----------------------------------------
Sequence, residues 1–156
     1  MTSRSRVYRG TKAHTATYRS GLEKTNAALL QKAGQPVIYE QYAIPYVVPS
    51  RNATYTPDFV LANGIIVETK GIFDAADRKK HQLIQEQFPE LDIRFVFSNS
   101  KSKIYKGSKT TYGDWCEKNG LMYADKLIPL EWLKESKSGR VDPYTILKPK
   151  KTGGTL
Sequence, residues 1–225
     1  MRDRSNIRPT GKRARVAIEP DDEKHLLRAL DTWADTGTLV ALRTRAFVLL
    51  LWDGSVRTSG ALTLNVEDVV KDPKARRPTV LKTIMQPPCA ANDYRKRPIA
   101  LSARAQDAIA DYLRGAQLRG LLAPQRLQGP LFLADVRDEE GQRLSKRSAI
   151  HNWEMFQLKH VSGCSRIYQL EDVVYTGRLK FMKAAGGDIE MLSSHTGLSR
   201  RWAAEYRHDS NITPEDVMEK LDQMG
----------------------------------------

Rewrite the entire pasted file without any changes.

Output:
Sequence, residues 1–156
     1  MTSRSRVYRG TKAHTATYRS GLEKTNAALL QKAGQPVIYE QYAIPYVVPS
    51  RNATYTPDFV LANGIIVETK GIFDAADRKK HQLIQEQFPE LDIRFVFSNS
   101  KSKIYKGSKT TYGDWCEKNG LMYADKLIPL EWLKESKSGR VDPYTILKPK
   151  KTGGTL
Sequence, residues 1–225
     1  MRDRSNIRPT GKRARVAIEP DDEKHLLRAL DTWADTGTLV ALRTRAFVLL
    51  LWDGSVRTSG ALTLNVEDVV KDPKARRPTV LKTIMQPPCA ANDYRKRPIA
   101  LSARAQDAIA DYLRGAQLRG LLAPQRLQGP LFLADVRDEE GQRLSKRSAI
   151  HNWEMFQLKH VSGCSRIYQL EDVVYTGRLK FMKAAGGDIE MLSSHTGLSR
   201  RWAAEYRHDS NITPEDVMEK LDQMG